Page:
The first story comes from a financial services company in the city. A colleague had worked their 41 years and in the couple of weeks running up to his retirement he sent out an email to the people he’d worked with in that time to let them know. It was a group email and the responses were over-whelming. The group then rallied together to do something for him. Nothing would have happened if he hadn’t have pro-actively done this himself. After 41 years, he would have walked out not knowing the difference he had made. How would that make you feel? I’ll say it again 41 years!

I saw the next story on Facebook and you can see the write up here:

http://www.bournemouthecho.co.uk/news/14568253.Waitrose_store_s_act_of_kindness_towards_nurse_goes_viral_on_social_media/

For those that don’t have the time to read the whole article, the story is similar to the first one. A woman retires from the NHS after 54 years and her local supermarket surprises her with flowers. She gets more recognition from kind-hearted supermarket staff than the organisation she has committed 54 years of her life to. Now I don’t know the facts around this so I’m hoping that it’s not this at all but still. Our people are out there making a difference for us every day and the very least we can do is say thank you. Thank you for your loyalty, thank you for sticking with us through all the changes, for passing on your expertise to new people joining us and for being part of who we are.

The final story came from a recent conversation in the pub. A chap I got into conversation with had retired that day after 52 years and he sat there looking genuinely sad with tears in his eyes. He’d been given some  vouchers as a parting gift but with no final presentation, no gathering of people to say thank you. He was sat in the pub with his friends who had rallied together and bought him a nice bottle of scotch. His exact words were, “I just wanted some reminder of the time I’ve given to ‘x’ company. A watch or something like that, something I can look at and be proud of everything I achieved. Something to show my family, something to show off to my mates in the pub.” We are sentimental creatures us human-beings, we create emotional connections to the organisations we work for despite the highs and lows.

Our founder Obert Tanner once said this:

“One could say we sell two values: the value of beauty and the value of kindness. The kindness is a company’s willingness to recognize, with dignity, an individual for what he or she has given to that company. After all, giving the productive years of one’s life, the daylight hours of each working day – this is the ultimate that an individual may give to any company.”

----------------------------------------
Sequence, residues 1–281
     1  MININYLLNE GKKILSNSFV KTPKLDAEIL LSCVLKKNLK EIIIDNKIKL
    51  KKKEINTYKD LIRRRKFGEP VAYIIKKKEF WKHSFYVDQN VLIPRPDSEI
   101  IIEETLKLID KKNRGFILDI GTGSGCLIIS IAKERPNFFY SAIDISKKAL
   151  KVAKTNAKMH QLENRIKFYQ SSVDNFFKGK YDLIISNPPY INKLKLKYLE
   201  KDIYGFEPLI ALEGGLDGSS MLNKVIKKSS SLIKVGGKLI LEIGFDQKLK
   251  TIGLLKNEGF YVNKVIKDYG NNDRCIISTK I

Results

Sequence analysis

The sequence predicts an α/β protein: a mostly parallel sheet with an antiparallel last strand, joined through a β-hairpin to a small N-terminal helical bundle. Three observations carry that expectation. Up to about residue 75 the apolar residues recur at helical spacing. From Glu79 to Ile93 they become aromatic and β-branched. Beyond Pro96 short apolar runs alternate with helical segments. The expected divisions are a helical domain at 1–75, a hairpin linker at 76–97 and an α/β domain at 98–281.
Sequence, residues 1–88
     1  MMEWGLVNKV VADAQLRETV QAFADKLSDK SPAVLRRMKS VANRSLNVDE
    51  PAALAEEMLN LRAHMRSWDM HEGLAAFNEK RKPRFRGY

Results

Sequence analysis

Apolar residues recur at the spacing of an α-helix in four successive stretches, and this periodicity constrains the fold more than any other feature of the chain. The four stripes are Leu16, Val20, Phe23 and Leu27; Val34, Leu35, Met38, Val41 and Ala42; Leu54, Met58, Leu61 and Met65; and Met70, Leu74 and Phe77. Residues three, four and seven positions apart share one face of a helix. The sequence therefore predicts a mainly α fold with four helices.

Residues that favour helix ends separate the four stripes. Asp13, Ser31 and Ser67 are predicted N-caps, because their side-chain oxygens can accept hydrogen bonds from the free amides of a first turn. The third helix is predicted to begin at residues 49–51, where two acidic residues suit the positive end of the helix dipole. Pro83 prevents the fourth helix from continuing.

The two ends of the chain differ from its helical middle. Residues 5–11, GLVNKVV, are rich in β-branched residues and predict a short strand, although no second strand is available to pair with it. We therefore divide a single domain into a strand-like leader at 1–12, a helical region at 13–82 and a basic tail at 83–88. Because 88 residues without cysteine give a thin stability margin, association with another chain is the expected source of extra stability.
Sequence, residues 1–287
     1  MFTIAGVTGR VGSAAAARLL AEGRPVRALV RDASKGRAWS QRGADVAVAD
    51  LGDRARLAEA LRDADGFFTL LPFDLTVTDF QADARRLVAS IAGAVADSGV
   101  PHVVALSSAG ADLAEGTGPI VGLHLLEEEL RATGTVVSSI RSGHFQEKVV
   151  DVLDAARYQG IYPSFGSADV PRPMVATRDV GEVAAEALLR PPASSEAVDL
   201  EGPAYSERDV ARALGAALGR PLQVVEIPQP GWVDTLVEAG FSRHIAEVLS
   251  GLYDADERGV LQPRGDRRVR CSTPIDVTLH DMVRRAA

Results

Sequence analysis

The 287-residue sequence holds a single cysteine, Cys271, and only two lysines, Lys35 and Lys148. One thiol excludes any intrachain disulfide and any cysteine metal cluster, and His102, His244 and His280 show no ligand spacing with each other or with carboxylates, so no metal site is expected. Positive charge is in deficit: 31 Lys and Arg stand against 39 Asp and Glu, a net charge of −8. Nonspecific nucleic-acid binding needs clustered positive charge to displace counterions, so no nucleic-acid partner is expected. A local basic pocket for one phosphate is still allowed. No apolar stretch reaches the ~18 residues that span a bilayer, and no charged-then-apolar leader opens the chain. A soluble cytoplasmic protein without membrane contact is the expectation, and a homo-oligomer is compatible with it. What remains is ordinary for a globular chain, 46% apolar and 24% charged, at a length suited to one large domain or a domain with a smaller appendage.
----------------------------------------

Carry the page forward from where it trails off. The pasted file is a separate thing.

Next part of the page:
Think about the experience you are creating for those people reaching their retirement. What can you do to make sure their parting feeling is one of pride? What can you do to make sure that they feel part of something truly special and that they walk away on their last day, content that they committed their working life to you!

Find out more about service awards here at octanner.com

3 years and counting…appreciation from the top down!

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Today marks my three year anniversary at OC Tanner. We celebrated it last Friday as some of the team are away this week but it’s felt like one of those amazing extended birthdays where it ends up being a week of loveliness and still today the messages keep pouring in! Ecards that people must have taken the time to schedule so they arrived today so they didn’t forget…that says so much to me about the culture of appreciation we have here and how deep rooted it is in all that we do.
Like with any cultural piece though this doesn’t happen overnight – it takes time, it takes energy, it takes effort and it takes belief. We have the same challenges as any organisation, we just keep working through it and the messages keep coming from the top, role-modelled by our leaders and this cascades all the way down to the front line. I listened to a podcast by our CEO Dave Petersen a few weeks ago and as I started thinking about this post, I think his words will really get you thinking about how we make people feel in the workplace and what a powerful thing appreciation is.
If you have time to listen to the podcast, fast forward to around 4:18 where Dave talks about how appreciation events are an indispensable part of our culture here at OC Tanner.
He explains how if he’s in his Exec meeting and he knows that someone is celebrating a 25 year anniversary or is about to receive a silver award for the Great Work they have done then he will leave the meeting. He will not miss them as he wants everyone to know how important they are to him. Every time he’s involved, he loves listening to what colleagues are saying about each other as they know better than he does what they do on a daily basis.
Here’s the powerful bit for me though. He talks about going back to his office feeling confident. Grateful that he is surrounded by great people doing great work. He hears about our people doing what they are doing and he feels like we can do anything because he hears what people are saying about each other when they are expressing their appreciation. And as a leader, this is really important to hear. Outside of the numbers, outside of the data, those stories come from the people here at OC Tanner who are trying to make a difference every day and without the channels that we have in place to allow those stories to come out, it would be much harder for him to hear, in such a genuine way, all of those great stories.